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Plan for ‘Apolline’s Garden’ Now Includes an Additional Block

5:30 PM EDT on April 2, 2022

This block would be converted to a pedestrian plaza and sitting area. Photo: Gersh Kuntzman

Look how Apolline's Garden has grown!

The city's plan to convert the westernmost block of Gates Avenue in a public plaza now includes the adjacent block, which would be converted to a one-way eastbound "shared street" configuration that would remove parking, widen sidewalks and require drivers to go a maximum of 5 miles per hour.

How Streetsblog covered the story.
How Streetsblog covered the story.

The Department of Transportation and the community group FAB Fulton presented the new plan in an informal workshop on the terminal end of Gates Avenue, near the intersection of Vanderbilt Avenue where 3-month-old Apolline Mong-Guillemin was killed by a reckless driver on Sept. 11, 2021. After that horrific death, residents and a local pre-school lobbied DOT to close off the western end of Gates to cars.

But now the proposal includes turning Gates Avenue between Vanderbilt and Clinton avenues — currently a narrow, two-way roadway with parking on both sides — into a one-way eastbound street with little or no parking and the light-brown paint that signifies to drivers to proceed slowly.

The goal of the larger project is to "establish a safer school corridor along Gates Avenue via neckdowns and bike corrals," the DOT presentation said.

Local activists hailed the plan on Twitter:

But there is also substantial local opposition from car owners who have taken their concerns to Community Board 2, several members of which have been vociferous. One CB2 member, Esther Blount, was on hand on Saturday collecting signatures against the plan, which she has said is being pushed by outside gentrifiers.

“Every time something happens,” Blount said at a meeting last year, referring to Baby Apolline's death, “we lose more and more parking spaces.”

But the same death encouraged Renee Collymore, the neighborhood's former district leader and head of the Vanderbilt Avenue Block Association, to come out strongly in favor of the plan.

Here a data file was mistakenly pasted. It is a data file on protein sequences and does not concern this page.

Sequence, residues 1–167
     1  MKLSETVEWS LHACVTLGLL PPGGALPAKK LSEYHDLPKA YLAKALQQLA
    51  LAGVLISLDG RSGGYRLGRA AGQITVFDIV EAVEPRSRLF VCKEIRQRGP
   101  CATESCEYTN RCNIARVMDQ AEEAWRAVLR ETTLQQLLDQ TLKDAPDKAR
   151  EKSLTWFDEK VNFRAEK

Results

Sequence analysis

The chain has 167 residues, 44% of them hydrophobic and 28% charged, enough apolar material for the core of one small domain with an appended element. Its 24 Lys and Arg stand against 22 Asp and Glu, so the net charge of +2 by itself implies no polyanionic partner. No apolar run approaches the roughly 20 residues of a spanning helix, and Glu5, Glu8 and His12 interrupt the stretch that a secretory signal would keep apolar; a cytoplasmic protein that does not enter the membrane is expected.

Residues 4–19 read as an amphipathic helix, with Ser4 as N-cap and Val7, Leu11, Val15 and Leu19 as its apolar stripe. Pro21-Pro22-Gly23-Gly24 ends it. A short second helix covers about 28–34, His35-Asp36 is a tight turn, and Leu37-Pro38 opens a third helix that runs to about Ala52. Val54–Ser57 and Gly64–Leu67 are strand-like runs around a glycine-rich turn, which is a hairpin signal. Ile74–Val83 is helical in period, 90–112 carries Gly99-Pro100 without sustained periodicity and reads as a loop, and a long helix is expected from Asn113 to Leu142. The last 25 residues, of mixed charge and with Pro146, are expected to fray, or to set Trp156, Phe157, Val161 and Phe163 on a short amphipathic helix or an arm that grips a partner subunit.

"It is something so simple," she wrote recently in Streetsblog. "The city has failed to redesign the last half-block of Gates Avenue and make it a car-free plaza — as it has done with many stub ends of roadways along Fulton Street — because a small, car-owning minority has defiantly seized the curbside, which is public space, to park six cars."

The plan, indeed, is simple: The DOT has created many public plazas to close off oddly shaped intersections that have proven dangerous. One great example of such a plaza is just six blocks to the east of Gates Avenue on Fulton Street, where, in 2019, the city created Putnam Triangle by closing the terminal one-block squib of Putnam Avenue to cars, and filling it in with concrete, planters, seating and tables. It is now a beloved local amenity (see below):

Instead of tinkering around the edges, the city eventually barred cars on the western terminus of Putnam Avenue in the mid-2010s and then finally poured concrete to make it permanent in 2019 (right). (Click on photo to blow up) Photos: Google
Instead of tinkering around the edges, the city eventually barred cars on the western terminus of Putnam Avenue in the mid-2010s and then finally poured concrete to make it permanent in 2019 (right). (Click on photo to blow up) Photos: Google

On Saturday, the DOT also presented its leisurely timeline. After the community presentation, there are still multiple steps, any one of which could cause further delays:

    • a traffic analysis (April).
    • incorporate the community feedback and the traffic analysis into the final design (May).
    • "ongoing public engagement" (June).
    • a presentation to Community Board 2 (late June).
    • "potential plaza implementation" (summer/fall).

Oddly in promoting its plan for pedestrian safety improvements, the DOT understated the number of crashes and injuries that have occurred in the study area since 2015.

Neighbors talking over the plan.
Neighbors talking over the plan.

According to the DOT, 300 people have been injured since January 2015. But city statistics show that 389 people have been injured in the same zone over the same period, including 91 cyclists, 67 pedestrians and 231 motorists in 316 crashes.

One man who supports the city proposal nonetheless blamed cyclist for many of those crashes — but the numbers suggest just the opposite: Of the 389 people injured, just three people (all pedestrians) were injured by bike riders, less than 1 percent. Of the 316 crashes, 11 involved a cyclist.

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